List of Exhibitions

Kriti Gallery shows traditional and contemporary art in the field of painting, drawing, photography, sculpture and others.
India is a fascinating place and a true microcosm of human life. Spanning the entire spectrum from joy to sorrow, from extreme wealth to extreme poverty, from top notch medical care to non-existent, from hunger to extreme gorging, from healthy to the sick. India is a place where every single idea about human living, about life and its associated philosophies, about political systems, about law and order can be explored. You can come away extremely sad, depressed and rejecting of everything that is India. Alternatively, you come away with an exhilarating feeling to explore more, do more, try more, and live more in every facet of one’s life. This is driven simply by taking a look at how even the lowest of the low, the poorest of the poor are driven to work hard, live hard and take life in its stride with all that it has to offer. There are so many communities that can be examined to illustrate the hardships suffered by the many people living in India. My story examines ‘Brick Workers
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Date : 01/12/2019
I CANT IMAGINE I CANT IMAGINE A double channel video installation with objects by Gabrielle Baker (Australia) and Badri Prasad Prajapati (India) This is not an exhibition about binaries, even though on the surface it may appear so, with one projection of a human-less, Australian, outback landscape, and the other, a Varanasi cityscape streaming with cars and people, filmed outside the gallery on Raja Sir Motichand Road in 2018. For me, it is a display of interconnections (spiritual and energetic) between species, animate and inanimate, and emanating from two different cultures - two artists, one Indian the other Australian. I have always made work about the animal – in particular, the human as animal. I have an inherent belief, since childhood, that we share creativity with all species, that creativity is in fact inscribed in our animality. We probe this creative space with an introspective gaze but our view is clouded by uncertainties and ambiguities, even though our anima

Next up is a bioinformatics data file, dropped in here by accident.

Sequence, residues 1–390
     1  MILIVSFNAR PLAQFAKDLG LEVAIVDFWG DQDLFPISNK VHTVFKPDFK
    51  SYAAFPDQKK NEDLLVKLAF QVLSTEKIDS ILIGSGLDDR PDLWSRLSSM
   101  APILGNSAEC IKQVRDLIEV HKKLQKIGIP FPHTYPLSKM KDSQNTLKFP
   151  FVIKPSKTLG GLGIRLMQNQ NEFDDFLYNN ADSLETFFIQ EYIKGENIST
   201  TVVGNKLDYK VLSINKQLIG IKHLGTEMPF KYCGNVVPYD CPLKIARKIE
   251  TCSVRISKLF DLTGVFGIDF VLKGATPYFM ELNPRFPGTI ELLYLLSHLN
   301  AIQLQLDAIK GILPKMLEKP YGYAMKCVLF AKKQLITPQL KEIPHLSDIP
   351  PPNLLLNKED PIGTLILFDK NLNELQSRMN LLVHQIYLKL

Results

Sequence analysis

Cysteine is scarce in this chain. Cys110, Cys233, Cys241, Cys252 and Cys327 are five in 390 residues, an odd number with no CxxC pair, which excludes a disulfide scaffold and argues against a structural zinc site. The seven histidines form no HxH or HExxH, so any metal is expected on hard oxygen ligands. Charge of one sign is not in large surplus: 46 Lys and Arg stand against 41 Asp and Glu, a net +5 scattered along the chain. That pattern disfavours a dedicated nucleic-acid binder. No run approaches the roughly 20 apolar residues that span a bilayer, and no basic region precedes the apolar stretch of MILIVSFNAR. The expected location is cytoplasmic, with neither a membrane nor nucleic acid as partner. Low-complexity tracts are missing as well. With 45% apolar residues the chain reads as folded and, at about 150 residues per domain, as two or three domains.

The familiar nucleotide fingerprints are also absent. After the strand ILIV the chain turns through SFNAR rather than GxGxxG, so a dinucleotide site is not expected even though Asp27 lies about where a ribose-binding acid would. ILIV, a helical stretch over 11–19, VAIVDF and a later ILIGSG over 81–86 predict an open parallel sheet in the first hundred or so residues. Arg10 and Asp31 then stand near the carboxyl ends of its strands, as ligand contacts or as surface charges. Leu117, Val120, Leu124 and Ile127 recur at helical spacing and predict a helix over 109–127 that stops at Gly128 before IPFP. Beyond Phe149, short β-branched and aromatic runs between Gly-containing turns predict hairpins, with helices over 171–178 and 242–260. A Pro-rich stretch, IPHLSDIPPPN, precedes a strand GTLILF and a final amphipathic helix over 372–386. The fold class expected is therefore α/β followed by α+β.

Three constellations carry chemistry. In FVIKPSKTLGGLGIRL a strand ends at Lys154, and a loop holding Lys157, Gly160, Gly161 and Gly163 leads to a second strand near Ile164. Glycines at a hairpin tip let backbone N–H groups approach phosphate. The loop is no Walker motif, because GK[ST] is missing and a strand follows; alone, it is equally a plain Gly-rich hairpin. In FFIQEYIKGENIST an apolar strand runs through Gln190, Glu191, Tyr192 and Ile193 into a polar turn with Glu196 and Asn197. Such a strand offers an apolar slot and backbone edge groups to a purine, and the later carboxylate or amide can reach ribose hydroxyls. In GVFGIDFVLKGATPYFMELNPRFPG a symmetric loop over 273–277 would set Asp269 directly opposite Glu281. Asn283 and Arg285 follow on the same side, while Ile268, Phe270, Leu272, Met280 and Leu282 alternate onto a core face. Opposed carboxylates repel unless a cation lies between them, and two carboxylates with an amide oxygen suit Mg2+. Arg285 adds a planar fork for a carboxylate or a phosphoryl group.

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AGENT ORANGE / HANUMAN Terry Burrows This series of paintings continues my interest in the fascinating theatre of activities, both religious and secular along the Ghats of the Ganges in Varanasi. The playful title - Agent Orange refers to the omnipresence of Hanuman murtis which are painted with a generic bright orange color. There is a curious mischievousness about these idols due to their often lumpen and cartoon-like appearance - either due to the naivety of their construction or, after many added layers of thick orange paint, the original sculpted details have disappeared. Their eyes though are re-rendered in black & white, seeming to be peering out and watching you from myriad temples and shrines. The often abstracted rendition of Hanuman murtis echos closely my semi-abstract interest in form. My primary painting practice includes multi-layered, minimal-palette paintings, which work between the abstract and the figurative. The morphic shapes that inhabit my canvases, whet
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